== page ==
Introduction.- 1 Digital childhoods across contexts and countries.- Section 1 Social affordances across time and space in digital contexts.- 2 How families use of video communication technologies during intergenerational SKYPE.- 3 Digital bridges between home and preschool: Theorising conceptually inclusive practice in digital environments.- 4 Digital participation among children in rural areas.- 5 Producing contexts for young children's digital technology use: Web searching during Adult-Child interactions at home and preschool.- Section 2 Emotionality, play and digital engagement.- 6 Electronic Gaming: Associations with self-regulation, emotional difficulties and academic performances.- 7 Children's collaborative learning in science scaffolded by iPads.- 8 Digital play and learning in the home: Families' perspective.- 9 Rules of Engagement: Family rules on young children's access to and use of technologies.- 10 Hacking Toys and Remixing Media: Integrating maker literacies into early childhood.- Section 3 Societal tools for thinking, learning and communicating differently.- 11 Supporting whole child development in the digital age.- 12 Digital narratives and young children.- 13 Teaching visual arts with digital technologies.- 14 Learning literacy: Engaging with print and digital texts in the first year of school.- 15 Digital tools to support children's speech and language skill.- 16 Digital games in the early childhood classroom: Theoretical and practical considerations.- 17 From play to interplay: A young child's use of multiple technologies in the social organisation of a pretend telephone conversation.
Susan Danby is a Professor of Early Childhood and Inclusive Education at Queensland University of Technology, Australia. She researches social interaction and communication in institutional contexts that include educational and family settings, helplines and clinical contexts. Recent projects include investigating how young children engage with digital technologies in home and school.Marilyn Fleer holds the Foundation Chair of Early Childhood Education at Monash University, Australia, and is the immediate past President of the International Society for Cultural Activity Research (ISCAR). Her research interests focus on early years learning and development, with special attention to pedagogy, culture, science, and design and technology.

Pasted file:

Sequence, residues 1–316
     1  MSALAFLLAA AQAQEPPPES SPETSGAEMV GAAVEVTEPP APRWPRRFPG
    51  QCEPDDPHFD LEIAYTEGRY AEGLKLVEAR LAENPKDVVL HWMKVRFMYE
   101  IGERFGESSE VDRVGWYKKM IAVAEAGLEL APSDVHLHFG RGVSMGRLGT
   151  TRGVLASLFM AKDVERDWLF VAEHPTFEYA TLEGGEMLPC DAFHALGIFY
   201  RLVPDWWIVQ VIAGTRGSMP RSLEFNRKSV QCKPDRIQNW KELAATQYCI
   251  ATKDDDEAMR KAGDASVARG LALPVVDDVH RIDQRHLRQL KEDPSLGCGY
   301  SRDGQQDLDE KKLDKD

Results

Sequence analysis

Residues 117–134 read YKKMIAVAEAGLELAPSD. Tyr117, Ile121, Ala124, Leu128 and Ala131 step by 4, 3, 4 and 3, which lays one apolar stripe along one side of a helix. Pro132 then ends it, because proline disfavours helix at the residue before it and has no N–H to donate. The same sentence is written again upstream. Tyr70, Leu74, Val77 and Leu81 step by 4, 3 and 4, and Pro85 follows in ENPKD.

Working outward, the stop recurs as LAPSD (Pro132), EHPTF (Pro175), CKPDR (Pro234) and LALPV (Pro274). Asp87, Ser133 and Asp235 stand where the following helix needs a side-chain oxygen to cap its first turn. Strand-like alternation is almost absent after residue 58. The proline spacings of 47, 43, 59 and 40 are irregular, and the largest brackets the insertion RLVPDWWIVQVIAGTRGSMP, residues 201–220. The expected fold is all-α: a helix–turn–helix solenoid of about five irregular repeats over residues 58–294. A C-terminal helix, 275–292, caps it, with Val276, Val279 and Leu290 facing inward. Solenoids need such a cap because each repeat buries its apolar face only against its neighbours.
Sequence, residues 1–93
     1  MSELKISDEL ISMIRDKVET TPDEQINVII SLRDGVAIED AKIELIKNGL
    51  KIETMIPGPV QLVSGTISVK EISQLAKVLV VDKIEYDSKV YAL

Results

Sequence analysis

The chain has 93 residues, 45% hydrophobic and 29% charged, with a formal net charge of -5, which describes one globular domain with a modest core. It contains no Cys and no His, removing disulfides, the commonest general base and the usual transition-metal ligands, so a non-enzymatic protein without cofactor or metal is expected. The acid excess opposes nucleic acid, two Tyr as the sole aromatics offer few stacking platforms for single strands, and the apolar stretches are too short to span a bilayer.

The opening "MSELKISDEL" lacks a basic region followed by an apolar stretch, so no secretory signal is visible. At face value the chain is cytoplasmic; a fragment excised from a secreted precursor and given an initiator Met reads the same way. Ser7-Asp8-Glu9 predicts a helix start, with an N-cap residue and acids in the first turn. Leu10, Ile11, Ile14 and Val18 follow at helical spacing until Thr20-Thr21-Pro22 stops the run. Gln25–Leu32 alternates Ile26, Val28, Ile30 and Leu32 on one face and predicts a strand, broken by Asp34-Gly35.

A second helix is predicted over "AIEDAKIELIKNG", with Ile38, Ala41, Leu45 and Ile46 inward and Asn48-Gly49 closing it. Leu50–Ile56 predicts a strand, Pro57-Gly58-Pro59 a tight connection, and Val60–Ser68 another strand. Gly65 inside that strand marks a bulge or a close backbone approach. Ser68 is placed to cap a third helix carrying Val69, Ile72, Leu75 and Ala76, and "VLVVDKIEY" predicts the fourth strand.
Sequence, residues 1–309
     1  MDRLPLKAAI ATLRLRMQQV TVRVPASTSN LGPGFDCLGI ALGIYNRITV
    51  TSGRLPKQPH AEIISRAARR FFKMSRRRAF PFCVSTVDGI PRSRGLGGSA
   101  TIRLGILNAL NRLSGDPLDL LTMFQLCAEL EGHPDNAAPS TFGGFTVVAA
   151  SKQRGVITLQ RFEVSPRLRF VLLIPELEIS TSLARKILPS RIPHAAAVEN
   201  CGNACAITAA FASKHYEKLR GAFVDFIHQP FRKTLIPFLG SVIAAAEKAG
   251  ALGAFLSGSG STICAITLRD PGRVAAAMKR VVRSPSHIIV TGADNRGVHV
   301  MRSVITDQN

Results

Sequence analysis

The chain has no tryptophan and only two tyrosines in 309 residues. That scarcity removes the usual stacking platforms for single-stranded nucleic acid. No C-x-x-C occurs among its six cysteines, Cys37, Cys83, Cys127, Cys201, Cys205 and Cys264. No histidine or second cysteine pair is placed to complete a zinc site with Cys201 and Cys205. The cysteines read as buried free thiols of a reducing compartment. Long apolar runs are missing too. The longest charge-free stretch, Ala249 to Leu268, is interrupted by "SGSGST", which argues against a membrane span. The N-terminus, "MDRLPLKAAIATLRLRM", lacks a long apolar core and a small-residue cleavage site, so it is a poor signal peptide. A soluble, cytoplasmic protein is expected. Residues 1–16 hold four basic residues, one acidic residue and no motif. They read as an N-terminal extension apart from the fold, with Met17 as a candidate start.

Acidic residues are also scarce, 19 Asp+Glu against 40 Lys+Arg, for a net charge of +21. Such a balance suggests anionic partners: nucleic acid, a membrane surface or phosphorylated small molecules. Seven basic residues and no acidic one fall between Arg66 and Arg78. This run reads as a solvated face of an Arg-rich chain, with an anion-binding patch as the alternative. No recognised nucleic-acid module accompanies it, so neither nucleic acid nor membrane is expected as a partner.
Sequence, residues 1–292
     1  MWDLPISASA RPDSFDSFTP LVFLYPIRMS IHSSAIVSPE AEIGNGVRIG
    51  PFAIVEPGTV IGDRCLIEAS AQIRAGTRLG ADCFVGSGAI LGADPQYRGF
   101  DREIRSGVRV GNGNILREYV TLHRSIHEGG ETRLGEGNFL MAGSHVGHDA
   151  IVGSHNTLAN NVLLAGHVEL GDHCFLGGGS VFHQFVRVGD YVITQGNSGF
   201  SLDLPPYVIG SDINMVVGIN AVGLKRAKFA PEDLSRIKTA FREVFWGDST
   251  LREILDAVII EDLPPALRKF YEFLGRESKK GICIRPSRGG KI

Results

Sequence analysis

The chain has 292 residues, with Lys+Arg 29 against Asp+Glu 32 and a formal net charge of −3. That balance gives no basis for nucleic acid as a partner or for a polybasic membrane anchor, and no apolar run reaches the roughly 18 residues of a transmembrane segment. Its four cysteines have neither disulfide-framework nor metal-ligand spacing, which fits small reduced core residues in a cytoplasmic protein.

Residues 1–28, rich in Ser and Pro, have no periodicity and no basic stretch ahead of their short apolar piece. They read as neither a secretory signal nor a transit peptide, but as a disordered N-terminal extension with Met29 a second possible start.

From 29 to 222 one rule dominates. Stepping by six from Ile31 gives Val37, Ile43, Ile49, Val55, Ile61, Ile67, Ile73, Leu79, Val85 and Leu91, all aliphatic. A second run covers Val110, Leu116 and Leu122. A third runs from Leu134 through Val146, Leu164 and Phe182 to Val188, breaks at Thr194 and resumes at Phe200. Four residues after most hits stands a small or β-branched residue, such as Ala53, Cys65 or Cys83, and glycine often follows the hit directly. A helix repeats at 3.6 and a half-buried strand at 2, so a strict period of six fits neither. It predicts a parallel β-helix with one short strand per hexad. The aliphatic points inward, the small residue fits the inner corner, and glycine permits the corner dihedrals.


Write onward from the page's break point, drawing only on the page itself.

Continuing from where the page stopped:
Christina Davidson is a Senior Lecturer at the School of Education, Charles Sturt University. Her research focuses on the social aspects of young children's activities at home, preschool and in the early years of formal schooling. Dr Davidson employs ethnomethodology/conversation analysis and mostly works with other conversation analysts to investigate the social interactions that shape young children's online activity.
Maria Hatzigianni is a Lecturer in Early Childhood and Primary Education at Macquarie University. She worked as a kindergarten teacher and director in Australia and Greece for more than 15 years (1996-2012). Her main research interests include: integrating technology in early childhood and primary education; training early childhood and primary teachers in new technologies; bilingual and multicultural education; and social justice in education. She is currently investigating the use of new technologies with very young children (under 3 years of age).